KQ debt pain scuttles Kenya Kwanza budget cuts

 KQ debt pain scuttles Kenya Kwanza budget cuts

Kenya Airways defaulted on both the guaranteed and non-guaranteed portion of Kes64.6 billion loan promting the government to commence the process of taking over the burden.

Kenya Airways’ legacy debt has stopped the Kenya Kwanza government from realizing expenditure cuts after guaranteed loan payments jumped more than six-fold to Kes14.6 billion in the latest mini-budget submitted to parliament.

Treasury has not given an explanation on why it has bumped up payment for the loan in this financial year from Kes2.2 billion that had been budgeted for but the increase has pushed the total Kenya Airways loan to Kes84.4 billion to be paid through 2026.

The new government had hoped to manage the country’s economic crisis by curtailing spending that had fueled growth in the country’s debt to unsustainable levels.

However, sticky expenditure such as the commitment to intervene and offer financial support to the country’s national airline when it struggled to repay debts as a result of the Covid-19 pandemic has made it difficult to curb spending.

President William Ruto had hoped to cut expenditure by up to Kes300 billion but revised estimates show spending increased from Kes3.36 trillion to Kes3.37 trillion but with a narrower borrowing target.

The Hustler government has admitted to International Monetary Fund (IMF) cutting expenditures was a difficult task given it took up tens of billions in undisbursed expenses from the previous administration, extra-budgetary spending, hustler fund launch, and a host of other subsidies.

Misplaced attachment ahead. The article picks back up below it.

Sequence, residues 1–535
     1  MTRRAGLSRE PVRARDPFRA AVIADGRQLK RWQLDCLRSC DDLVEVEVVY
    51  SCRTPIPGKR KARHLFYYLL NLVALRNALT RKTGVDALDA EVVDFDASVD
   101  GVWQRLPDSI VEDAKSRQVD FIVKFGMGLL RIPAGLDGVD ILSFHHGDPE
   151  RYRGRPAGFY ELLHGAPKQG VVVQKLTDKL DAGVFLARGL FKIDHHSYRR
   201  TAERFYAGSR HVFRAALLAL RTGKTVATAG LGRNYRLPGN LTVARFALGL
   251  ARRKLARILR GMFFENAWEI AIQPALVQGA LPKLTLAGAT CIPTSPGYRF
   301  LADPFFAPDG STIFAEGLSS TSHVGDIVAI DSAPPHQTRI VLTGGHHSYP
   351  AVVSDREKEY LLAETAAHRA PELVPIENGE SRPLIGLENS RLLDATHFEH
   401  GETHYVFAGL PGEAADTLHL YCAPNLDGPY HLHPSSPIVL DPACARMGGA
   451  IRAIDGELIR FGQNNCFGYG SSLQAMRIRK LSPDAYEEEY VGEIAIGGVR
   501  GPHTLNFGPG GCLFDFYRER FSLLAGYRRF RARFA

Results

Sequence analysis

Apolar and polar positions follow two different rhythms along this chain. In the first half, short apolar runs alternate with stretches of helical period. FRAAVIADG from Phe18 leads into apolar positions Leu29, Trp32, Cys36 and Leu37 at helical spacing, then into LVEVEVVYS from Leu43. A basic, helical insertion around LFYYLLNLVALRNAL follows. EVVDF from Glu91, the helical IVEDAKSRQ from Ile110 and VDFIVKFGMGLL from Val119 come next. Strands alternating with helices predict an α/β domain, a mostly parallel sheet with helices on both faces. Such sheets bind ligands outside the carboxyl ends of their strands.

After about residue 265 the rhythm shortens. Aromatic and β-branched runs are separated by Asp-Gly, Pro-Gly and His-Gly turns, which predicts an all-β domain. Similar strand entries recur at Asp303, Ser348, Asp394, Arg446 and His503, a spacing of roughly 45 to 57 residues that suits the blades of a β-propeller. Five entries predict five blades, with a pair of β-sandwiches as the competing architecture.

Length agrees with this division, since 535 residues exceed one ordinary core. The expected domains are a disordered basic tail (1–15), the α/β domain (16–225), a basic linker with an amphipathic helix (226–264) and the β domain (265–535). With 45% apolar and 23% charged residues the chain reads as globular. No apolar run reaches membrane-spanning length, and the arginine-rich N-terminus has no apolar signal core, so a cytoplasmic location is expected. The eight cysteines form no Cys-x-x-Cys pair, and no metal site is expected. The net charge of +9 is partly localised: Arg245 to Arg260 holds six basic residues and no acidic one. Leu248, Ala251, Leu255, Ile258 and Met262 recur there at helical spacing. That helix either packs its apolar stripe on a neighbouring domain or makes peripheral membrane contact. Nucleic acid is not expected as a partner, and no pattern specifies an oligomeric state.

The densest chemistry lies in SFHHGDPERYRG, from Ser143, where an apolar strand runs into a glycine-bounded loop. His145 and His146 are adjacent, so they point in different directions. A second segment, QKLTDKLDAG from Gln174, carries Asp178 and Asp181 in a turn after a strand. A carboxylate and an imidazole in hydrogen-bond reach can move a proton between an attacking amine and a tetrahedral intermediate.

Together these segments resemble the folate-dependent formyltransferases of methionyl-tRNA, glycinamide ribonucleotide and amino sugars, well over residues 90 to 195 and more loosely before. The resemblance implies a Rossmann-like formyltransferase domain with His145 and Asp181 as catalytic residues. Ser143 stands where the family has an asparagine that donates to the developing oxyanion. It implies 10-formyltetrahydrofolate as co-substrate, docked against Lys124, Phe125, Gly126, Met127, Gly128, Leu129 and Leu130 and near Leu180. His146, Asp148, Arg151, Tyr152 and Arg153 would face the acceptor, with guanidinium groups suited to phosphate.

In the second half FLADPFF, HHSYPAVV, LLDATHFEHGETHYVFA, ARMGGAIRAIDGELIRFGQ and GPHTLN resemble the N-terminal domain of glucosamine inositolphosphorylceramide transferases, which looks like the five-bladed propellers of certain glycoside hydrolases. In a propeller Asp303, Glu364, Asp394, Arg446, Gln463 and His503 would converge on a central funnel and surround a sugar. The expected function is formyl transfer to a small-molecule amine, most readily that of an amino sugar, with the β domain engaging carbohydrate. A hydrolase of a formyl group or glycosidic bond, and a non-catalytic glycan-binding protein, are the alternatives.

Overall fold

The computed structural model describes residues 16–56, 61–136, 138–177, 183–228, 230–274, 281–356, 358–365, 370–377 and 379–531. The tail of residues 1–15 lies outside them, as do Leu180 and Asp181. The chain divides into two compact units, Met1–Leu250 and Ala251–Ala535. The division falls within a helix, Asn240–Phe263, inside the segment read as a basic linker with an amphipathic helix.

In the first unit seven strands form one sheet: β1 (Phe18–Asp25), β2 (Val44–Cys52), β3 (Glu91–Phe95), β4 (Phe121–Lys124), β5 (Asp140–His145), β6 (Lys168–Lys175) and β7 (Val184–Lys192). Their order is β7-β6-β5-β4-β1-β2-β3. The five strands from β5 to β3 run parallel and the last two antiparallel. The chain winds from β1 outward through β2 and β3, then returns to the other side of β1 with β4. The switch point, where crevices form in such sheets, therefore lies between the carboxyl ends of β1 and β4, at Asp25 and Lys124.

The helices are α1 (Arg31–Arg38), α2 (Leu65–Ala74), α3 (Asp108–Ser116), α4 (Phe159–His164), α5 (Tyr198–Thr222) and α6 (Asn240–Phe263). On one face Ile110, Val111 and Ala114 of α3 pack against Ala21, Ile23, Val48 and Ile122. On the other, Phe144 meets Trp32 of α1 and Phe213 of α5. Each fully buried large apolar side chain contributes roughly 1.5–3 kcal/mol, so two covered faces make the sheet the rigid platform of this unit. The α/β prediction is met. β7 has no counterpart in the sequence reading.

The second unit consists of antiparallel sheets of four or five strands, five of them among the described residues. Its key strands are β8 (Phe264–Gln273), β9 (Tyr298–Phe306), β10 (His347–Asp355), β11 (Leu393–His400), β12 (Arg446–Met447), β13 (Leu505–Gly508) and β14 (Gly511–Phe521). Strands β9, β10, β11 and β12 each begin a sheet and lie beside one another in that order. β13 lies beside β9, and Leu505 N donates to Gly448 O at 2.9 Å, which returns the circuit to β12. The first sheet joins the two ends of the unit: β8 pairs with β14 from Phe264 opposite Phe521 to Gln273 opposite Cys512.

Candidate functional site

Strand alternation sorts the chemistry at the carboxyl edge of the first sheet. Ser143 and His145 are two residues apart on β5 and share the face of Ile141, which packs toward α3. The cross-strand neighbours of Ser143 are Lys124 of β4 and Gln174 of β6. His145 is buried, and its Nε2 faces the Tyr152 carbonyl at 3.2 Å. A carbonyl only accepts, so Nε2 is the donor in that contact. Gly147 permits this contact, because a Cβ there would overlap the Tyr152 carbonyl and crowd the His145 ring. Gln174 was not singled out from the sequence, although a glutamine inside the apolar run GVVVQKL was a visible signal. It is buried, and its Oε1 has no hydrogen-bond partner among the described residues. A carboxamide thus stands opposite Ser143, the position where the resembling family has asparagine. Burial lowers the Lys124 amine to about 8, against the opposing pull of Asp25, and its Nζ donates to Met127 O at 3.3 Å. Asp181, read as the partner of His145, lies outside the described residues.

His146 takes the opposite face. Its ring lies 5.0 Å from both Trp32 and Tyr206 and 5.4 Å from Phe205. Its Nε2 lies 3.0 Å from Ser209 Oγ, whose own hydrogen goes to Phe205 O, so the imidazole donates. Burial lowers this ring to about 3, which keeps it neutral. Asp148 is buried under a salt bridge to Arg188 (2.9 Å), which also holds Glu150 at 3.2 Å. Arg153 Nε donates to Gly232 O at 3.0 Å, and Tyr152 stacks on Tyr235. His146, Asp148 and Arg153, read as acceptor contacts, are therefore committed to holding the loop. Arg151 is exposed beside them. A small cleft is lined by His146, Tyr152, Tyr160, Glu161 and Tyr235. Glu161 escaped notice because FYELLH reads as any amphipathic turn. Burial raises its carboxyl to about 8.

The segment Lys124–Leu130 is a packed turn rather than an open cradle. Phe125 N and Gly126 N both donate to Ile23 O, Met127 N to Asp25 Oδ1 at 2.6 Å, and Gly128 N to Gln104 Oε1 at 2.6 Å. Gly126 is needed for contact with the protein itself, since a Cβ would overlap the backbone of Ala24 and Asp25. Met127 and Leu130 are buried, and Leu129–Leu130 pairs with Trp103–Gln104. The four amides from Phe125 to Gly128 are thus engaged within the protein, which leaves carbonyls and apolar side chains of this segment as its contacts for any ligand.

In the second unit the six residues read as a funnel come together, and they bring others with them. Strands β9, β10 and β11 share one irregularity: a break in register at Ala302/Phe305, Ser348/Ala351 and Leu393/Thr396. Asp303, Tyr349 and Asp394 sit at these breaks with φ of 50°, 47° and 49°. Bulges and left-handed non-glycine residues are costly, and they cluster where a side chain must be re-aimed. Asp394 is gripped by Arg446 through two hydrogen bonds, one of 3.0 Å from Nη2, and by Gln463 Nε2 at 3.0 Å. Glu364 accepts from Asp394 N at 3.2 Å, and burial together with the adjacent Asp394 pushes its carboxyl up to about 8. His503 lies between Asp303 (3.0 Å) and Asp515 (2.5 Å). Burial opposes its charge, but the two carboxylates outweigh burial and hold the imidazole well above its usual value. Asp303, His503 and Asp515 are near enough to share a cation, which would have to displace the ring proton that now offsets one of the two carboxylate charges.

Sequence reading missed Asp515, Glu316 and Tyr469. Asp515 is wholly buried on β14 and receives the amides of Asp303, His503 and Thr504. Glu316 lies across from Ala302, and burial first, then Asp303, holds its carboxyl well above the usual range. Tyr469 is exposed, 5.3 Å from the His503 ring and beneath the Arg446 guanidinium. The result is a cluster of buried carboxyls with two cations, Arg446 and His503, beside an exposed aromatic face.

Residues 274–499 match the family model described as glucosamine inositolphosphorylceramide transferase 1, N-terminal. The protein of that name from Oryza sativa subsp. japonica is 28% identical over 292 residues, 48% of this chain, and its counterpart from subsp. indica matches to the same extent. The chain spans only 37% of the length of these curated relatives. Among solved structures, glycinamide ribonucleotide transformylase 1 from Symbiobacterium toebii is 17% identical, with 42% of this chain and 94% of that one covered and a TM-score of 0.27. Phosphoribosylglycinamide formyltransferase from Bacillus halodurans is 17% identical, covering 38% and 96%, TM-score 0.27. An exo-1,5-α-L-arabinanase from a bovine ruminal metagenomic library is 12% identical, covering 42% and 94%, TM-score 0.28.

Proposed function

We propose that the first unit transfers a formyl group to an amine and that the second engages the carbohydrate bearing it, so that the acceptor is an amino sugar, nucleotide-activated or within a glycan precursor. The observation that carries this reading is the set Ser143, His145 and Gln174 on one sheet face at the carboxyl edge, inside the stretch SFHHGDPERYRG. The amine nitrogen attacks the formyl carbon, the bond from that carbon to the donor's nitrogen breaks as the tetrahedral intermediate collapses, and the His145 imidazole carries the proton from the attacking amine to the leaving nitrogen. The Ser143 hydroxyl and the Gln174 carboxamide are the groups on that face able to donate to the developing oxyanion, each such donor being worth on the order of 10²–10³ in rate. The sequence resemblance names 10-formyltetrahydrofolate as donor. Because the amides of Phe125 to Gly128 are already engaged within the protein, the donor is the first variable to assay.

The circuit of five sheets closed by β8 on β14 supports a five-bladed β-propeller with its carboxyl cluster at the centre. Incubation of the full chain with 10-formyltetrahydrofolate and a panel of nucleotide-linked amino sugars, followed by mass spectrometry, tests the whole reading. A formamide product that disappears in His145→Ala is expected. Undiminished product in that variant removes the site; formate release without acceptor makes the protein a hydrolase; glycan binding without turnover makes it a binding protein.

Read also: Foreign Affairs, Interior budgets slashed in fresh estimates

Kenya Airways defaulted on both the guaranteed and non-guaranteed portion of the loan and the government started the process of taking over the liability. 

Initially, the Kenya government told the International Monetary Fund it will take over KQ loans amounting to $485 million (Kes59.7 billion) that it had guaranteed the carrier as part of its rescue plan for the troubled airline but budgetary figures seem to suggest the airline loan may be bigger than initially suggested.

Kenya Airways defaulted on part of its $525 million (Kes64.6 billion) loan from the Private Export Funding Corporation (PEFCO) of the USA and guaranteed by Exim Bank of USA, who in turn were guaranteed by the Government of Kenya.

The Airline’s decade-long loss-making position is set to extend into the eleventh year after they issued a profit warning in anticipation of earnings falling 25 percent lower than the Kes15.88 billion loss reported in the year ending December 2021.



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